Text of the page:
Blank Canvas

Blank Canvas Progress

I have reached the point where I join the sleeves to the body. I am concerned it is about here that things normally go pear-shaped. It is all of the shaping and the ‘doing this while at the same time doing that’. I am trying to stay calm, read all of the instructions (although the bit about wrapless short rows has me worried).

There are a lot of ends to weave in as well and I wonder if I should do a few of those now rather than saving them all for the end?

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Update on Knitting

Two Hats and a Sock

It is school holidays here and we went away for a week – to here

It was a lovely week away.

Anyway, it meant I had a bit of knitting time.

I knitted two more pussyhats (some friends had asked for their own hats) and then I wanted to knit something that wasn’t pink! I have been knitting a very generic sock – although it seems to be a bit saggy despite my reducing my calf measurement by an inch. Swatches lie!

The yarn is Wendy Roam Fusion (Colourway Force).

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The Subversive Stitch – Rozsika Parker

The Subversive Stitch – Rozsika Parker

This is a fabulous book – not for the faint-hearted as it is quite scholarly, but for anyone interested in history, feminism embroidery and social history it is a must read.

Here is the blurb …

Rozsika Parker’s now classic  re-evaluation of the reciprocal relationship between women and  embroidery has brought stitchery out from the private world of female domesticity into the fine arts, created a major breakthrough in art history and criticism, and fostered the emergence of today’s dynamic and expanding crafts movements.

The Subversive Stitch is now available again with a new Introduction that brings the book up to date with exploration of the stitched art of Louise Bourgeois and Tracey Emin, as well as the work of new young female and male embroiderers.  Rozsika Parker uses household accounts, women’s magazines, letters, novels and the works of art themselves to trace through history how the separation of the craft of embroidery from the fine arts came to be a major force in the marginalisation of women’s work. Beautifully illustrated, her book also discusses the contradictory nature of women’s experience of embroidery: how it has inculcated female subservience while providing an immensely pleasurable source of creativity, forging links between women.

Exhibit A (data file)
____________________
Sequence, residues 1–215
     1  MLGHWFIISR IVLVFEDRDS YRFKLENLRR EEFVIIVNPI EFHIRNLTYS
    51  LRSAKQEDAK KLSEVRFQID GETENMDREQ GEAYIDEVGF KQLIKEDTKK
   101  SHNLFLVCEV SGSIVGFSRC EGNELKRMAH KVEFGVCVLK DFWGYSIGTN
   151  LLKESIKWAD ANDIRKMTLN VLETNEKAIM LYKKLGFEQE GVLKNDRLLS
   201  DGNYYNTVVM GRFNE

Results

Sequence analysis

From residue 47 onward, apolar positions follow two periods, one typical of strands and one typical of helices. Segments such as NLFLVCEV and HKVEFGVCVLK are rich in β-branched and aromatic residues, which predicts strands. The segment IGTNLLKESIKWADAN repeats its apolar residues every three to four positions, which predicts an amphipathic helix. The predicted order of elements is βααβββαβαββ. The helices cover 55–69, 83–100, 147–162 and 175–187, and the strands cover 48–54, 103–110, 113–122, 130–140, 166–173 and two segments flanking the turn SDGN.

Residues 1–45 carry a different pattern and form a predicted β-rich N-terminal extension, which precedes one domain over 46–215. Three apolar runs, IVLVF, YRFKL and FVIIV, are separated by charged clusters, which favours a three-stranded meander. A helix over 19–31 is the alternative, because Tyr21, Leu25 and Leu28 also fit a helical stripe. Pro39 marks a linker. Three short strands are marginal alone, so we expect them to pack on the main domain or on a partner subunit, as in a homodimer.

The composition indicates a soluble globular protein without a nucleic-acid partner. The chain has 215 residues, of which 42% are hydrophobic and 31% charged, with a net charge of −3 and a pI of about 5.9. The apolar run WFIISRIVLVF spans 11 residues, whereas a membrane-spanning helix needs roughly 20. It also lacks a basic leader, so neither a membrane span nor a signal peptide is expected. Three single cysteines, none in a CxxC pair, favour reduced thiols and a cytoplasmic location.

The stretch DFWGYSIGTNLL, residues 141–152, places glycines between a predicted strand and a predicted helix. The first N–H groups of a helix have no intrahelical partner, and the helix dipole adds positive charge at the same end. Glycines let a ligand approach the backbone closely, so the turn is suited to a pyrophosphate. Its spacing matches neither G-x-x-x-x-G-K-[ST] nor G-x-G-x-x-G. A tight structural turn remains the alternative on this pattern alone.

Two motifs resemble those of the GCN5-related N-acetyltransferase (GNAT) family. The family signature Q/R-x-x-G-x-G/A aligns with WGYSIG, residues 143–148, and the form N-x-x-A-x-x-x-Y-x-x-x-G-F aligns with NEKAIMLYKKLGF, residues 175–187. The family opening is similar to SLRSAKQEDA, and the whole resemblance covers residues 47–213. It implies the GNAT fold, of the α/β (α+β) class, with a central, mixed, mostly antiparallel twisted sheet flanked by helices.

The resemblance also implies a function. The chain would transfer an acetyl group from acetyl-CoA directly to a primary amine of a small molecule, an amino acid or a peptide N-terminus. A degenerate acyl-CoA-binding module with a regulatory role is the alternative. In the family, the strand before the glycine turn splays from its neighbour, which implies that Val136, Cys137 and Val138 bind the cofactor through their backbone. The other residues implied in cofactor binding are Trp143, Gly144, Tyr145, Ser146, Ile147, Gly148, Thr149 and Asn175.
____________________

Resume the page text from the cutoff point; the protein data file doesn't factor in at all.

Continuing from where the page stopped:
Rozsika Parker, sadly she died in 2010, was an art historian, feminist and pyschotherapist who wrote about women, art and women’s place in the art world.

This is how Parker described this book

By mapping the relationships between the history of embroidery and changing notions of what constituted feminine behaviour from the middle ages to the 20th century, we can see how the art became implicated in the creation of femininity across classes and that the development of ideals and feminine behaviour determined the style and iconography of needlework.

The book is divided into eight chapters

The Creation of Femininity

Eternalising the Feminine

Fertility, Chasity and Power

The Domestication of Embroidery

The Inculcation of Femininity

From Milkmaids to Mothers

Femininity as Feeling

A Naturally Revolutionary Art?

This book is essentially about how needlework and femininity became synonymous and then how needlework was used to train and constrain women. However, it is also about how some women used embroidery in subversive ways to make a statement or to pass on a secret message. They took back something that was meant to be oppressive and made it their own (a bit like the recent pussyhat movement).

I wrote down so many quotes while I was reading this book that I could be here for days typing them out – I think it would be much better if you just read the book yourself. Take your time – there is a lot in it. I read it in 30 minute bursts.

I do have two small complaints – I wish the images were in colour (but that would make the whole thing too expensive) and I wish it was in chronological order rather than thematic.